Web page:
Roseman has a chance to become the best general manager not only in Eagles’ history, but in Philadelphia sports history just by being able to retool this roster so quickly.
At this point, the Eagles' vice president has a chance to enter the Hall of Fame for building great rosters that enable the team to win multiple championships when all is said and done.
Lurie definitely should be a Hall of Famer. His work with the Eagles speaks volumes on and off the field. He once inherited a lousy stadium with lousy training facilities in Veterans Stadium. He funded a new stadium and new facility on his own dime that started the Eagles’ gold standard. He made the Eagles the gold standard in the NFL by hiring the right people that made it happen. The franchise is now worth $.4.4 billion.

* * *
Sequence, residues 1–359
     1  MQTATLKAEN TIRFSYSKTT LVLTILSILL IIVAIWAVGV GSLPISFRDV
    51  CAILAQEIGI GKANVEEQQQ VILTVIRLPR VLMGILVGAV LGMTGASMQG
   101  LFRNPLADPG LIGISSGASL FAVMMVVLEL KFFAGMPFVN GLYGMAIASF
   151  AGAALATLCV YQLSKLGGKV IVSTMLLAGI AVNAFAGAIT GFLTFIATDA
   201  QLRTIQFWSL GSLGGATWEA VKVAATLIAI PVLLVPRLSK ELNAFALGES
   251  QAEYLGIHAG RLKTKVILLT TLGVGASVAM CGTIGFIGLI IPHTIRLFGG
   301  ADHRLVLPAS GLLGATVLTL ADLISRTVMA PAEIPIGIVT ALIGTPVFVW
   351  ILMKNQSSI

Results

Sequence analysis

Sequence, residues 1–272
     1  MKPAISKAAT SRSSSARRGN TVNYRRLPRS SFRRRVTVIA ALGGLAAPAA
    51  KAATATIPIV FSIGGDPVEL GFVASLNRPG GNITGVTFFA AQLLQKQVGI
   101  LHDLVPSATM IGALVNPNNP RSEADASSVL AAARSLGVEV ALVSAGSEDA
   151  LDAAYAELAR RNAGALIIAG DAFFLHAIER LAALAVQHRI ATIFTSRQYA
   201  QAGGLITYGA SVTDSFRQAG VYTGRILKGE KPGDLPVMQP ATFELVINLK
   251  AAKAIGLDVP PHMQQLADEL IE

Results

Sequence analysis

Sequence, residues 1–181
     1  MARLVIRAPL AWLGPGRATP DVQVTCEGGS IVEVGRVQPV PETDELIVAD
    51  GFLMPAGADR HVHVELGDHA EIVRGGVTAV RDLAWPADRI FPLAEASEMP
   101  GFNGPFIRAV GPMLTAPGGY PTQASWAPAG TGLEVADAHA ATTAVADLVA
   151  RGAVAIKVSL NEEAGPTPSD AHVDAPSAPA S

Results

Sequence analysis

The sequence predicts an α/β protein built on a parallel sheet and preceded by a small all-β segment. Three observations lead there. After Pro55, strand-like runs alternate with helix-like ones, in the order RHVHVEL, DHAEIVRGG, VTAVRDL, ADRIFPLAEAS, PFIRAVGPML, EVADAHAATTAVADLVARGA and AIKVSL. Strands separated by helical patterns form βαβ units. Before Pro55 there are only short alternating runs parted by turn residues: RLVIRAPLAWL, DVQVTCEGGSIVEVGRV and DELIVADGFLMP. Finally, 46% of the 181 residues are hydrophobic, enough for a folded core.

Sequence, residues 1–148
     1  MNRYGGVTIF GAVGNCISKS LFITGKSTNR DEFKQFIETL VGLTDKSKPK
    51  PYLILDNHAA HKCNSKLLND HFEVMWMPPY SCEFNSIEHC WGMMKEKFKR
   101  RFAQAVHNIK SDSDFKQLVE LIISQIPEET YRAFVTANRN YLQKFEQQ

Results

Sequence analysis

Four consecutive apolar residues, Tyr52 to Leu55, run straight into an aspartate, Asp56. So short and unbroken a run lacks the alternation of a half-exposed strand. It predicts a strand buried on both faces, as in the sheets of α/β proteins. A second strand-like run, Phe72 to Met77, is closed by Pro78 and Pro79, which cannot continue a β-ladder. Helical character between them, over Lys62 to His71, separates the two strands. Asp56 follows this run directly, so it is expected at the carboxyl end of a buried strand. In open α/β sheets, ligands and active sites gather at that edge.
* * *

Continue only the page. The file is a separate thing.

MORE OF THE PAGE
And yes, Lurie’s relationship with Roseman was so important in a sense when Kelly gained full control of the roster, Roseman could have left for another organization altogether. Roseman stayed out of loyalty to Lurie, and once Kelly flamed out and was fired, Roseman came back, and the Eagles never looked back.
We often talk about players writing their own legacies. You can say the same for owners and general managers. They are the heartbeat of the organization, and in the case of Lurie and Roseman, they certainly are for the Eagles.
Right now, it’s a matter of when not if both should be in the Hall of Fame.
You can read Leslie's Jersey Sporting News columns on Mondays, Tuesdays and Fridays.